“BIPOC Teen Comics & The Formative Ethnoracial Pause“
This multimedia presentation examines a range of comic book narratives that center on the formation of teen of color protagonists. I will examine how the visual-verbal shaping devices of comics across a range of genres—horror, realist, and superhero—create absorbing and expansive teen storyworlds that can and do tell us much about the struggles and triumphs of core identity formation for those violently pushed to the racial, sexual, and gender margins. In my analysis of the way creators construct the ethnoracial pause, I also explore how the visual-verbal distillations and reconstructions of realworld experiences can and do dishabituate and make new readers’ perceptions, thoughts, feelings, and worldviews about the world teens of color inhabit.
Frederick Luis Aldama, also known as Professor Latinx, is the Jacob & Frances Sanger Mossiker Chair in the Humanities and Affiliate Faculty in Radio-TV-Film at the University of Texas, Austin, as well as Adjunct Professor at The Ohio State University where he was formerly Distinguished University Professor. He is award-winning author of over 48 books, including the International Latino Book Award and an Eisner for Latinx Superheroes in Mainstream Comics. He is editor and coeditor of 9 academic press book series, including editor of Latinographix that publishes Latinx comics. He is the creator of the first documentary on the history of Latinx superheroes and founder and director of UT’s Latinx Pop Lab. His Spanish translation and animation film adaptation of his kid’s book The Adventures of Chupacabra Charlie (2020) drops in the fall of 2021.
“Race and the Form of the Decolonial Novel: Webs of Connection in Tommy Orange’s Multifocal Novel There There“
In this talk, Moya shows how ethnic writers like Tommy Orange employ multifocal narrative structures for the purpose of making visible too-often-obscured social realities—in Orange’s case, the existence and aspirations of detribalized urban Indians. By de-forming and re-forming conventional narrative structures, such writers develop a variety of strategies to engage readers’ emotions while teaching them how to more accurately “read” the racialized social world in which we live.
Paula Moya is the Danily C. and Laura Louise Bell Professor of the Humanities and Professor at Stanford University, by courtesy, of Iberian and Latin American Culture. She is the author of The Social Imperative: Race, Close Reading, and Contemporary Literary Criticism (Stanford UP 2016) and Learning From Experience: Minority Identities, Multicultural Struggles (UC Press 2002). She has co-edited three collections of original essays including Doing Race: 21 Essays for the 21st Century (W.W. Norton, Inc. 2010), Identity Politics Reconsidered (Palgrave 2006) and Reclaiming Identity: Realist Theory and the Predicament of Postmodernism (UC Press 2000). Her teaching and research focus on twentieth-century and early twenty-first century literary studies, feminist theory, critical theory, narrative theory, American cultural studies, interdisciplinary approaches to race and ethnicity, and Chicano/a and U.S. Latina/o studies.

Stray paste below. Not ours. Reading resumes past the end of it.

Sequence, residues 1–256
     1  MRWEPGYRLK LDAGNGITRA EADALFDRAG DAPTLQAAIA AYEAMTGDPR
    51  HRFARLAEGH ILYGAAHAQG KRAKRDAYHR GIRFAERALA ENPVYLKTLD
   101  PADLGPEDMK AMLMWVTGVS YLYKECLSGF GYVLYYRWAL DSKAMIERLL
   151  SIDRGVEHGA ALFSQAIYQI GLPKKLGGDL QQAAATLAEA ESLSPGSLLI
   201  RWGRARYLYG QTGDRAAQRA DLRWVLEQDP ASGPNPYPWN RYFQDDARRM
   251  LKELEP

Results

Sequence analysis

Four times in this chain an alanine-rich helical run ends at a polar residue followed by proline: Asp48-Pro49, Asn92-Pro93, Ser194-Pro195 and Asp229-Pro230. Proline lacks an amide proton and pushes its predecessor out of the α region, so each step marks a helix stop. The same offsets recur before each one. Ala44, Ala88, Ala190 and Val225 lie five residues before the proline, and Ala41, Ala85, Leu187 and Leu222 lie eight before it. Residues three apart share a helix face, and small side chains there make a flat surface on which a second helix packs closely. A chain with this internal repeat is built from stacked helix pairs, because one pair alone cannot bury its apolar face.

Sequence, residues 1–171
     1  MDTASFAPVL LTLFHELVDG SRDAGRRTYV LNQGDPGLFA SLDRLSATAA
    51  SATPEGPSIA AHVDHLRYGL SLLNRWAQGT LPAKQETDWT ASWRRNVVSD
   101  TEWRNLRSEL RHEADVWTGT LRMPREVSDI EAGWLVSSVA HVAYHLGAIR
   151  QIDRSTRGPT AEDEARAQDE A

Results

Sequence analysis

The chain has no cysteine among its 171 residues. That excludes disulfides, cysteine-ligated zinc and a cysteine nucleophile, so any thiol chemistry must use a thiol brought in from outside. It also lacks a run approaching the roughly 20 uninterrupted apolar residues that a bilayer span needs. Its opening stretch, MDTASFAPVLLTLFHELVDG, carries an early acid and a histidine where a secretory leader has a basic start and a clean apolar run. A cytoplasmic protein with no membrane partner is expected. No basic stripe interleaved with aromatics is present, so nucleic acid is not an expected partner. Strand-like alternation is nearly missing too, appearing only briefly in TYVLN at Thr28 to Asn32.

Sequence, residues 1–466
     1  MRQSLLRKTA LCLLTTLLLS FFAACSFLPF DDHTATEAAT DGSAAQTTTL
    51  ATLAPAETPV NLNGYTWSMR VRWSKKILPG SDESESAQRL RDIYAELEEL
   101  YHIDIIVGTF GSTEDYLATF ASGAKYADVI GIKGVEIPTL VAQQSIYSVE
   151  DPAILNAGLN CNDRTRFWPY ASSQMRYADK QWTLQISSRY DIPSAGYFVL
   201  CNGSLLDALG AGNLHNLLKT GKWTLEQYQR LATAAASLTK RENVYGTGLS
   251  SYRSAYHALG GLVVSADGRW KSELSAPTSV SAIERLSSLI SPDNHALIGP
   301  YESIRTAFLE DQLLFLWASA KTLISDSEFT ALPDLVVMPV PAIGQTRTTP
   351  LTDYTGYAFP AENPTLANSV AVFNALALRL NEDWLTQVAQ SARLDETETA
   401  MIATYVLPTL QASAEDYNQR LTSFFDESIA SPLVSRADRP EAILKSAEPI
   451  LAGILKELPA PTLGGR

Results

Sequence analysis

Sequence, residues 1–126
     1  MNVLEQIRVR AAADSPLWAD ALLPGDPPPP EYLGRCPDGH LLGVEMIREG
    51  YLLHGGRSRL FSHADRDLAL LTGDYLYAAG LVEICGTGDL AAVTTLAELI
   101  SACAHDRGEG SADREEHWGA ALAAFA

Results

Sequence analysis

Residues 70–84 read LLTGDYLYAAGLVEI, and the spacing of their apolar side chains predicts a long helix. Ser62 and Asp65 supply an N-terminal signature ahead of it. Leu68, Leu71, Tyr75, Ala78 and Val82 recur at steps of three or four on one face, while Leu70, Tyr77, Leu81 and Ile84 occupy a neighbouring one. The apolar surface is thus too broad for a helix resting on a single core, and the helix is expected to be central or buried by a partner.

“Love and Sin in Leslie Marmon Silko’s Ceremony“
Hogan’s book, The Mind and Its Stories (2003), presents evidence that a few narrative genres recur prominently across storytelling traditions. The most prominent of these genres are heroic, romantic, and sacrificial. Understanding Nationalism extends this work, arguing that these genres play a key role in organizing peoples’ national identifications, with the heroic genre providing a default structure for nationalist imagination. In contrast, the romantic structure tends to be emphasized in situations of subnational division, while the sacrificial structure becomes prominent in conditions of national devastation.
Literary works need not be overtly focused on nationalism for these genres to appear with their nationalist functions. Indeed, examining the sometimes attenuated instantiations of these genres in apparently non-nationalist works can be particularly revealing. Specifically, such an examination may highlight political and cultural suggestions of a work that might not have been evident otherwise. This is the case with Silko’s Ceremony.
Ceremony includes heroic, romantic, and sacrificial narrative sequences. The sacrificial sequences are the most prominent, providing the work with its overall narrative arc and characterizing most of the mythic and folkloric interpolations. This is the structure that develops the most obvious thematic concerns in the novel, those bearing on tradition. Part of Silko’s specification of tradition involves delimiting a national in-group and a national out-group. This division is elaborated in the more limited romantic sequences in the novel.
Silko’s use of heroic narrative (in the war sequences) is insistently anti-heroic. In this regard, the novel is in many ways anti-nationalist. However, Silko develops the sacrificial and romantic structures in a way that demarcates a racialized in-group that at least appears to suggest a natural relation of social identity groups to particular cultural traditions and to particular geographical places—a virtual definition of nationalism.
Patrick Colm Hogan is a Board of Trustees Distinguished Professor in the Department of English and the Program in Cognitive Science at the University of Connecticut. He is the author of over 25 books, including American Literature and American Identity: A Cognitive Cultural Study from the Revolution through the Civil War (Routledge, 2020) and American Literature and American Identity: A Cognitive Cultural Study from the Civil War to the Twenty-First Century (Routledge, forthcoming). His novel, A People Without Shame, is forthcoming from Blackwater Press.